Saturday, March 31, 2018

Tour de Subaru 18 Month Service

The 18 month Subaru service doesn't take too long but sitting in the waiting room only encourages me to think about buying cars that I don't need. Not to mention, turning more carbs into fat cells. So I threw the newly re-purposed 'cross bike in the back and took it on a short adventure while the service guys were doing their thing on the Forester.

I checked the trail maps before leaving home and decided to find my way to the Spur Trail and from there to the Rail Trail, which will be a future adventure. This ride involved heading up Cerrillos to Governor Miles Road from the dealership, riding to Richards, down Richards past the Community College to the Spur Trailhead, and then off to my destination, the junction with the Rail Trail. Were this a 60k check, I would have time to ride all the way to Lamy and back. But today my purpose was to simply ride to the Rail Trail, poke around a bit, and head back to get the car.

I ran into some mountain bikers at the Spur/RailTrail junction and they told me that the trail was  pretty smooth to Lamy except for some rocky stuff near the Lamy end. They said the ride could be easily done on a cross bike without losing my teeth fillings. So that will be a future ride.

I've been missing BombTowne, but frankly, there is a boatload of cool biking to do down here in Fanta Se.  Might take a while to get bored.  Oh, and since I am nearly to Social Security age, I just joined Santa Fe Seniors on Bikes, since in addition to being well into geezerhood, I have often been called an SOB anyway.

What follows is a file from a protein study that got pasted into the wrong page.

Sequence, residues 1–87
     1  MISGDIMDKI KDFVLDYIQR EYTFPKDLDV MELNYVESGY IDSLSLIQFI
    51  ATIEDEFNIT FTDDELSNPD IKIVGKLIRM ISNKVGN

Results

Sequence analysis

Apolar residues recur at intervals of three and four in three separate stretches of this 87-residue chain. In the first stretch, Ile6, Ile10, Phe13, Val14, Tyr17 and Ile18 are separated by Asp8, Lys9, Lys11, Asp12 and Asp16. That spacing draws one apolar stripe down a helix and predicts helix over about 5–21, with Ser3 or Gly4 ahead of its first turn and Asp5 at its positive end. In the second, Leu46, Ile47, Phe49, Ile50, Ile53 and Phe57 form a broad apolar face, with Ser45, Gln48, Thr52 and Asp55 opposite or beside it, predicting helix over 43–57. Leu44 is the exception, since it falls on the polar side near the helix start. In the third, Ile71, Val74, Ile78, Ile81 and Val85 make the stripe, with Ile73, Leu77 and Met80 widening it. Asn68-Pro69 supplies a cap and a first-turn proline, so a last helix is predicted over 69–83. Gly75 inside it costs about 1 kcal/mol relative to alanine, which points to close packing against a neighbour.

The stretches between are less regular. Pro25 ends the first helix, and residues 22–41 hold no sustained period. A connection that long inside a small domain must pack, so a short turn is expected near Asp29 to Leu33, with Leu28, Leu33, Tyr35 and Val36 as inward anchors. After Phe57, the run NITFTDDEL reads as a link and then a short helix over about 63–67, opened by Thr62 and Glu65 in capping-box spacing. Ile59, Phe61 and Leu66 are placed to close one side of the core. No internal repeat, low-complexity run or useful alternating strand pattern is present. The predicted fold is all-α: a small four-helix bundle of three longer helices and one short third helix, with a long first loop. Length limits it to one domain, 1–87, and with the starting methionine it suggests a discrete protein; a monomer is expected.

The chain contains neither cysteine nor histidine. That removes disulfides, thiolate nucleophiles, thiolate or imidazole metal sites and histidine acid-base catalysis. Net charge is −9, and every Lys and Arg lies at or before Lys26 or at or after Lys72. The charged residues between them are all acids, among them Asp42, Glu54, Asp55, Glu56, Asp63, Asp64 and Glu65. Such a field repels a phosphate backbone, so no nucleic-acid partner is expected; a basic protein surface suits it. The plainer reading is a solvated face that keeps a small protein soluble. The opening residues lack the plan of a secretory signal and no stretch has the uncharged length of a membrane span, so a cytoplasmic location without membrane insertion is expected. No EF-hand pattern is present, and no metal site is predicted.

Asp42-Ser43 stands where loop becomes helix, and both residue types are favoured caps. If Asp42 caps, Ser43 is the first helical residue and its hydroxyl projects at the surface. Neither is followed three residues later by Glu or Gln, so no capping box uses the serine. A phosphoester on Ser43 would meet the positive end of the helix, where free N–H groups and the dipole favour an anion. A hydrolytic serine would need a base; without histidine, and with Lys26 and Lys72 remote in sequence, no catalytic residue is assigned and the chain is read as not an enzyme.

Heading South on the Rail Trail. Smooth as a baby's bottom up here.
At least compared to the singletrack on N. Mesa I am used to (see masthead).
The cross bike was ideal.
Foothills on the other side of the tracks
Heading back towards town on the Spur. 
My main problem is I'm pretty inept when 700-32 Ritcheys meet deep gravel
Nice panoramas along the route
Back to the dealership with 16 miles on the odometer. 
Salsa LaCruz in current form
That's a 48/34 on front and 11/34 on back.
Tires are folding Richey Speedmax Pro, 700-32.
45 psi front and 55 psi in the back.
They ride fast. I wish I did...
A little more flotation in deep gravel patches would have been nice.

Sunday, March 25, 2018

Bicycling in and around Fanta Se

Well, I finally unpacked enough boxes that I can find the bicycles, helmets, and shoes in the mini-garage in Estate Solana (the previous owners had converted about a third of the small garage to a laundry/spare bathroom, so its really a motorcycle/bicycle garage now).  So it was off to the hills.

There are plenty of places to go as one rides north from Casa Solana. Unfortunately, or perhaps fortunately, some are not paved. I rode up Camino de las Montoyas and then onto Tano (east) Road, followed the access road north, swung north past Tesuque on Bishop's Lodge Road, and up NM 592 into the Sangre de Cristo foothills. At the top of the climb, one can get on Pacheco Canyon Road and take that forest road up to the ski hill at 10k feet (see last summer's post for the destination). Unfortunately, Pacheco Canyon was so washboarded that after a half mile, I thought my fillings would fall out so I gave up and turned back. Not the place for 700-25 Vittoria Open Pro tires on an aluminum race bike.